The Best Of: What I Think About When I Run

Originally Posted September 20, 2010

I have settled into a routine of sorts in the mornings. I get to the Rose Bowl about 5am and take one three mile lap around or perhaps two if I’m really trying to work through something. Then I drive to the PCC gym, shower and dress and walk over to the office.  I love the chats with my colleagues who are coming and going for their own workouts.

I’ve learned that people will forget what you said, people will forget what you did, but people will never forget how you made them
feel.
— ­­Maya Angelou

I am a runner, yes, although I run more like a Clydesdale, and in saying this I mean no disrespect to horses. The real reason I run is because it is the quietest hour of my day, the one hour of my day when I am away from anything electronic. It’s when I do most of my writing and thinking. More specifically, I should say running is my daily prayer, not in the strictly religious sense, but in the sense that most prayer is about the question, “What’s next?” In running, the response to this question always comes from within. In the short­ term, for me the answer to What’s next? is to take the very next step. Just keep going. In the longer term, I set a goal, the next 10k, the next marathon, as a way to keep growing, to keep trying to get better.

But so often the most truthful answer to What’s next? is, I don’t know. Now to someone who purportedly makes his living answering questions, this may seem like a problem, but not knowing is actually a gift in two important ways. First, it brings humility. And second, it brings faith, a faith in the future that things are unfolding as they must.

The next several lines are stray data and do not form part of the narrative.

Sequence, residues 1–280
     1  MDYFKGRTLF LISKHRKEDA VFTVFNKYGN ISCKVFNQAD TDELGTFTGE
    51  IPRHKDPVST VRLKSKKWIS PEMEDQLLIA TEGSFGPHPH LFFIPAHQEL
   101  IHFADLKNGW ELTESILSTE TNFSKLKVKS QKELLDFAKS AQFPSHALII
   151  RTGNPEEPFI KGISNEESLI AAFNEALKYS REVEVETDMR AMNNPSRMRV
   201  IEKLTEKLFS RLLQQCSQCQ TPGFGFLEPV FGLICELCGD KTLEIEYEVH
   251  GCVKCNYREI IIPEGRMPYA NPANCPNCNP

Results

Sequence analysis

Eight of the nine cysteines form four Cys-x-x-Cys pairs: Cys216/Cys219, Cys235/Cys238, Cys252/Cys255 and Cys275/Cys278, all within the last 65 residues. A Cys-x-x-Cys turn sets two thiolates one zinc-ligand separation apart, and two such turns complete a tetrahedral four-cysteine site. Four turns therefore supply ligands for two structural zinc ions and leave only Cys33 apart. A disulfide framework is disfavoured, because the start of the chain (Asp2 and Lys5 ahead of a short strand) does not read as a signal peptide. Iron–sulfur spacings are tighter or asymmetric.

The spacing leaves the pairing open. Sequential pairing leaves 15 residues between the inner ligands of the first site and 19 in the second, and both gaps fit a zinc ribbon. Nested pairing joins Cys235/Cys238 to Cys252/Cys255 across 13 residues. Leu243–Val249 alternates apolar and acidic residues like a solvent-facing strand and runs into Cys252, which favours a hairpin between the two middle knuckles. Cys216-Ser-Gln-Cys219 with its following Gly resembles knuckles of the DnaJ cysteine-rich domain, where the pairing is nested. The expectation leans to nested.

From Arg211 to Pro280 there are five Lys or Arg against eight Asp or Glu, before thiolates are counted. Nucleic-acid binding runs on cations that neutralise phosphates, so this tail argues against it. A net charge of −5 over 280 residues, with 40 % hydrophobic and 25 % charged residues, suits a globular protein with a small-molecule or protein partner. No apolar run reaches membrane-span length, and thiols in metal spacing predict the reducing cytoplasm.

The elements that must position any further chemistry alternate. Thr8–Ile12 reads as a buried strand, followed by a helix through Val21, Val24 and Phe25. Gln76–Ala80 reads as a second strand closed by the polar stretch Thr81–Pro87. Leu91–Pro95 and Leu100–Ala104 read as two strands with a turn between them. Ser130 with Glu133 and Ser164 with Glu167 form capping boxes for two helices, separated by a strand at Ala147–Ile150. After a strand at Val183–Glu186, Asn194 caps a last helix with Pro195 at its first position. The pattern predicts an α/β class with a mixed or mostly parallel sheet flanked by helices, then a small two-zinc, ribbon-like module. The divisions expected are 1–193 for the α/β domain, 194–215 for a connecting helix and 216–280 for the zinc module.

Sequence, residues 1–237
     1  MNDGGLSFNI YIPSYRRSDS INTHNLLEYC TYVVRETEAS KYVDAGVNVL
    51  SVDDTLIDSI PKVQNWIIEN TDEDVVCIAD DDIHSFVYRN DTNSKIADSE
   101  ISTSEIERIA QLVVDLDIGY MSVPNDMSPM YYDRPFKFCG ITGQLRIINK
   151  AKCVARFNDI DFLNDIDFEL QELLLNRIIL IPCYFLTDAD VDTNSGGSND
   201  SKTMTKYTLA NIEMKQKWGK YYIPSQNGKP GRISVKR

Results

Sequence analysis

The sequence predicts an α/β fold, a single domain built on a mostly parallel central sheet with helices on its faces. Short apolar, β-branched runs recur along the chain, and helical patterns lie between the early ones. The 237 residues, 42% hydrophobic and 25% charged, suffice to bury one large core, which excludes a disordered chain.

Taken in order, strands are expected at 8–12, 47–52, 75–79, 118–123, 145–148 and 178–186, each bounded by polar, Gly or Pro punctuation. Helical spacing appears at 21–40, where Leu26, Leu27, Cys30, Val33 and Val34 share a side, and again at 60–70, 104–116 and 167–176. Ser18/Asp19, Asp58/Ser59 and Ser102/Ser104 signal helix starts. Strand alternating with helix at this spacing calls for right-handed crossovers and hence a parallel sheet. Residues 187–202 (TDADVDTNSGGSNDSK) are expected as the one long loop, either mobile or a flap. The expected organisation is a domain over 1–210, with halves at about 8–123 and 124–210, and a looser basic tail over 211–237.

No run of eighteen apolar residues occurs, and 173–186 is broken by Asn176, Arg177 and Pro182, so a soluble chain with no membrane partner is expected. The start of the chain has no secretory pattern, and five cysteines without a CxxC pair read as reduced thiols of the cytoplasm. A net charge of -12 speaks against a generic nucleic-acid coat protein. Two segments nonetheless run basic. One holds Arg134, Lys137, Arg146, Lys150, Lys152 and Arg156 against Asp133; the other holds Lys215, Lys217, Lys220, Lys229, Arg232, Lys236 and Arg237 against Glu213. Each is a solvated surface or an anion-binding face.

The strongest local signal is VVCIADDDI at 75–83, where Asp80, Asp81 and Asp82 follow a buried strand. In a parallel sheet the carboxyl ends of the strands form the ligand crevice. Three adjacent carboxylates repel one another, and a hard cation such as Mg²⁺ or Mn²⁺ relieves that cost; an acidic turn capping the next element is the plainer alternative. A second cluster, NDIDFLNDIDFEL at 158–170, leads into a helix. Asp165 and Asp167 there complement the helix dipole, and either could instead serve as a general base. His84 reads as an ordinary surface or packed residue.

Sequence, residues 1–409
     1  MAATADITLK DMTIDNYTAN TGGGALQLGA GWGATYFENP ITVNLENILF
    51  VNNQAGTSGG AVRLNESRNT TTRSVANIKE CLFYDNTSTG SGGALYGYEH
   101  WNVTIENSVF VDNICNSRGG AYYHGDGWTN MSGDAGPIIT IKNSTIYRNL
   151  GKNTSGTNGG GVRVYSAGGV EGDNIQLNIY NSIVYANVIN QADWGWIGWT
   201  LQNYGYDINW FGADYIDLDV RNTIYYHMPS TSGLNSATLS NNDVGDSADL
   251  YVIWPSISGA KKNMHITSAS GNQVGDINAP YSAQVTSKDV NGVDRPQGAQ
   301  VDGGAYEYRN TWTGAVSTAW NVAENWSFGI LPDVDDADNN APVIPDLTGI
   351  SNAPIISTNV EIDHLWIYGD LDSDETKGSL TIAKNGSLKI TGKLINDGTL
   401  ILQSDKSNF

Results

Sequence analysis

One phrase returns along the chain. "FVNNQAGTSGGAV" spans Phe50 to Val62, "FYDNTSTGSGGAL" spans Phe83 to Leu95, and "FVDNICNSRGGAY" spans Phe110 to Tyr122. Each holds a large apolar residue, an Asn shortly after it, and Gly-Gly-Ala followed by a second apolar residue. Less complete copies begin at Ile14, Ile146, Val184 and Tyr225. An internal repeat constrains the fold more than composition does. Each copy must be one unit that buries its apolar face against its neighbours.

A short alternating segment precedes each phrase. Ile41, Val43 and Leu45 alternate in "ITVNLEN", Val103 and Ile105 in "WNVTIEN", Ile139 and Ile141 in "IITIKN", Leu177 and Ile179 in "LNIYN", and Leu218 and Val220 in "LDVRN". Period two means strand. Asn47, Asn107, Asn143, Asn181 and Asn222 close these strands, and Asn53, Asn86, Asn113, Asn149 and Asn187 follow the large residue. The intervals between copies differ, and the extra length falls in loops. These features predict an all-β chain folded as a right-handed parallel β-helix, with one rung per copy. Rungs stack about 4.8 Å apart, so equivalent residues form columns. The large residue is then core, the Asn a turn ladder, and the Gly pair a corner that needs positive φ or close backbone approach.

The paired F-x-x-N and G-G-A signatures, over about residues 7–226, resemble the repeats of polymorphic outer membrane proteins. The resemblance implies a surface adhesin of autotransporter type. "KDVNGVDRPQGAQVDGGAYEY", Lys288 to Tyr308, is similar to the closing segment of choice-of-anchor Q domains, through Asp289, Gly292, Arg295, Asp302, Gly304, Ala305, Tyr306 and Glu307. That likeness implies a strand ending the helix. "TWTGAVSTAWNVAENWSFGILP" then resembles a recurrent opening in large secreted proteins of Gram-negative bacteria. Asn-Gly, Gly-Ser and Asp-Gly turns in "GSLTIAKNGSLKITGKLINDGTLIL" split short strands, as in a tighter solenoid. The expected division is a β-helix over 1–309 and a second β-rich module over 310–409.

This is not meant as an evangelical or New Age sermon, but as an expression of the pure joy it has been to join the PCC family. I am inherently a hopeful, optimistic person and when I first came here, I of course had high hopes.  These hopes have been sustained and realized by the uncommon decency and spirit of each of you, my colleagues. Each exchange, each meeting, each chat, each shared laugh has increased my faith in so many of you to accomplish anything you set out to do.

The PCC family is special indeed. Albert Einstein once said that there are only two ways to live: as if everything is a miracle or as if nothing is. Each day by your actions for our students in the face of so many challenges, you are choosing the path of the miraculous.

So that’s what I think about when I’m running. And if you want to jog alongside me to continue the conversation, it’s Lot K, Rose Bowl, 5am!

Have a great week and let me know how I can help.

In hope and heart, Mark